The latest round of federal data released this week sent five Glendale Unified schools into the purgatory that is "Program Improvement" after English language learners failed to meet certain testing benchmarks.
On the face of it, the designation seems dubious, since Program Improvement is reserved for schools that fail to meet escalating test score benchmarks in consecutive years. But it's not as if Roosevelt and Toll middle schools and Hoover and Glendale high schools' scores went backward; in fact, they made significant improvements — just not by enough.
All of this can be tied to the ever-moving federal goals that continue to get higher through 2014, when all student groups are supposed to be 100% proficient in English and math. For diverse districts like Glendale Unified then, the challenge of meeting these escalating benchmarks will only get harder as the pool of children from immigrant and non-English-speaking families continues to get replenished amid tougher and tougher goals.
So to meet the 100% proficiency goal, all new incoming students will essentially have to be on par, no room for catching up. Obviously, this is a reality that will never happen, which sets the stage for the very real possibility of more and more schools being classified under Program Improvement if the feds don't overhaul the No Child Left Behind Act.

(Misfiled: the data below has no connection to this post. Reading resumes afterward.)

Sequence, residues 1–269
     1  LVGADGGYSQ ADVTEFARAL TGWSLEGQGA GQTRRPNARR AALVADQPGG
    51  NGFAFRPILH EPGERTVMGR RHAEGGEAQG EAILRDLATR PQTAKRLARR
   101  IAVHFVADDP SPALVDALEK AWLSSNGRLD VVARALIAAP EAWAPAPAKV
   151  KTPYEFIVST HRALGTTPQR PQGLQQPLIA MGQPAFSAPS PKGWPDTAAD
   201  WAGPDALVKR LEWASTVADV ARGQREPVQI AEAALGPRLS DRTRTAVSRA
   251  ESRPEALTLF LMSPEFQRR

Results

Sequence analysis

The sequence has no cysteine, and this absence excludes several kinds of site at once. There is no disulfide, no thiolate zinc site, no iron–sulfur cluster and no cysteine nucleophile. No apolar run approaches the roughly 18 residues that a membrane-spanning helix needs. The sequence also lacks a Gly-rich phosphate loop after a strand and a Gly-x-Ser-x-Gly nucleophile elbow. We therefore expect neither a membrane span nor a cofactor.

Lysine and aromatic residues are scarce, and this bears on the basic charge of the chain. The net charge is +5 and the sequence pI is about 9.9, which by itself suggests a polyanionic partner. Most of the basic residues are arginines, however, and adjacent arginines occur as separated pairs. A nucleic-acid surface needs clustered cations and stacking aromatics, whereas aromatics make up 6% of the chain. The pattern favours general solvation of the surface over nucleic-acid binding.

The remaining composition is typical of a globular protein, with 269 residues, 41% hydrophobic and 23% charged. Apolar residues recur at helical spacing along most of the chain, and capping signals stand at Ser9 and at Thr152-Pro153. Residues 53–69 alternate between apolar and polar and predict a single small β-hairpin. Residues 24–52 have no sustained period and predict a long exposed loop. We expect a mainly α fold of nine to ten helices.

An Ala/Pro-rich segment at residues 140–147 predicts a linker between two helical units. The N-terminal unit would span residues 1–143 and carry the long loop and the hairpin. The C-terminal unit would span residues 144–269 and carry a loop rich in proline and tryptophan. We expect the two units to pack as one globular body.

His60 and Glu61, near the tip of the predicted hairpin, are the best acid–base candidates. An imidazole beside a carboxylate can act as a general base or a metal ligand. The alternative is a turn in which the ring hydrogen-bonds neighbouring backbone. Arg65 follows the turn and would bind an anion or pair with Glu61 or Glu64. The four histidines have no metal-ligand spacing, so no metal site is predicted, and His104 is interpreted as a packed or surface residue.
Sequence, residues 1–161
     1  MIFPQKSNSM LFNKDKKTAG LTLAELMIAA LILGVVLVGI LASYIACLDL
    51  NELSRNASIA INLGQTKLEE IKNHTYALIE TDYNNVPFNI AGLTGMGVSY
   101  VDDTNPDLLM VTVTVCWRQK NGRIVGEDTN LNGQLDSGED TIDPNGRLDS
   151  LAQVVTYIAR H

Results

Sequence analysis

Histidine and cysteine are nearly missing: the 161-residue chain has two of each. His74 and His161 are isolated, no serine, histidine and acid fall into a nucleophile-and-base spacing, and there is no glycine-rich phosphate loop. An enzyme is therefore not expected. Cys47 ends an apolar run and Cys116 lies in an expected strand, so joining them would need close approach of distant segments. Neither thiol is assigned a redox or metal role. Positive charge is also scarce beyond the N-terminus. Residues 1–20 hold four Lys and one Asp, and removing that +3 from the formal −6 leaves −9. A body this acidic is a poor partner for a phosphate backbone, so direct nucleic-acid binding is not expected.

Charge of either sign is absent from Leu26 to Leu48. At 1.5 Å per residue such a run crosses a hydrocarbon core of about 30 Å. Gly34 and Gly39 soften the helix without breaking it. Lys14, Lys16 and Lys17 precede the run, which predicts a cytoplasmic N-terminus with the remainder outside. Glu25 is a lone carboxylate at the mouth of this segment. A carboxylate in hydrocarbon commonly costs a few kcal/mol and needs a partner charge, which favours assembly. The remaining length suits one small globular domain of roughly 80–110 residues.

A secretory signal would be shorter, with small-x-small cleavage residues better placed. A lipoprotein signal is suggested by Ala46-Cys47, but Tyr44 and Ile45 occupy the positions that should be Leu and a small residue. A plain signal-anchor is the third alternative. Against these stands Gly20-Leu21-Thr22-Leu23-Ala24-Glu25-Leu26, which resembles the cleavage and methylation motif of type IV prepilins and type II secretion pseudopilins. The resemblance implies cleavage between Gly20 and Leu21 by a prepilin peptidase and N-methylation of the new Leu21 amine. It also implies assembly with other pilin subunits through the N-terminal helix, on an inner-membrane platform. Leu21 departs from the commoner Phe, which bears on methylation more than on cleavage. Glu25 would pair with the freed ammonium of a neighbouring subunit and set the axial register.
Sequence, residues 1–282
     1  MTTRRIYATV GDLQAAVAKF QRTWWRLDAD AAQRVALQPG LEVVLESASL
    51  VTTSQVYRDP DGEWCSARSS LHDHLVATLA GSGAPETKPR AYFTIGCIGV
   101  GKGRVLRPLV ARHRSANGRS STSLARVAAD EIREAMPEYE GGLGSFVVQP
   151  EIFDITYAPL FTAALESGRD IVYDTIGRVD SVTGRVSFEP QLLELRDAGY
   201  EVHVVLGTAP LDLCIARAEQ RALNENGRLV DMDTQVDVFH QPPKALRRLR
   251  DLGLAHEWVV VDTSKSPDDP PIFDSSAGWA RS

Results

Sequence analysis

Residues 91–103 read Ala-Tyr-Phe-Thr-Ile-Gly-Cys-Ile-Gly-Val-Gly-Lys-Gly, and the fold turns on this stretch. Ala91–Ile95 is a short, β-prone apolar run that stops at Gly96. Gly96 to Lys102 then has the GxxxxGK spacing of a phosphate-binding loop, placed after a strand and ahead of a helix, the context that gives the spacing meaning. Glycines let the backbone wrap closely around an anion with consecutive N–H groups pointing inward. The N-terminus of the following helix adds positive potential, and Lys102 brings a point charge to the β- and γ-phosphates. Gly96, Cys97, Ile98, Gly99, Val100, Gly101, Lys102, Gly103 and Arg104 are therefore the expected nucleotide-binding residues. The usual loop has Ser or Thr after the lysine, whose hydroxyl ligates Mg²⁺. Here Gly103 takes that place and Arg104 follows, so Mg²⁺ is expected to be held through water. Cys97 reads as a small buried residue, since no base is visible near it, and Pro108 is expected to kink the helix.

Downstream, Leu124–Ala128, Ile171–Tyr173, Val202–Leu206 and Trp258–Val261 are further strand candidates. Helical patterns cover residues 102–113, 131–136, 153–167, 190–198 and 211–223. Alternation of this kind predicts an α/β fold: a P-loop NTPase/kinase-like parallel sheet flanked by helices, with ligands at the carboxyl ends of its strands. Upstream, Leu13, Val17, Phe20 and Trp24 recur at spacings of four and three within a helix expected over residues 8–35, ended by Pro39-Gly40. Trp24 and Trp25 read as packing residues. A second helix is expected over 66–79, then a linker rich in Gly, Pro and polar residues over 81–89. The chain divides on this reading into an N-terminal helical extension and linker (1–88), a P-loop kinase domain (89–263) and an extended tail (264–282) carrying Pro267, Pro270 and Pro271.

While schools should be held accountable to improving standards, there comes a point when the metric system turns on the public. Parents and even students can start to get unnecessarily demoralized when, despite their progress, they keep getting slapped by the big guy.
In the case of Toll Middle School, which improved 12 points on the state Academic Performance Index to the above-average mark of 814, it was put on Program Improvement because its English language learners and socioeconomically disadvantaged students didn't reach their targets.
It's time education officials start taking a more nuanced approach to grading the progress of schools, and develop a better way to gauge the progress of a hard-to-teach segment of the student population.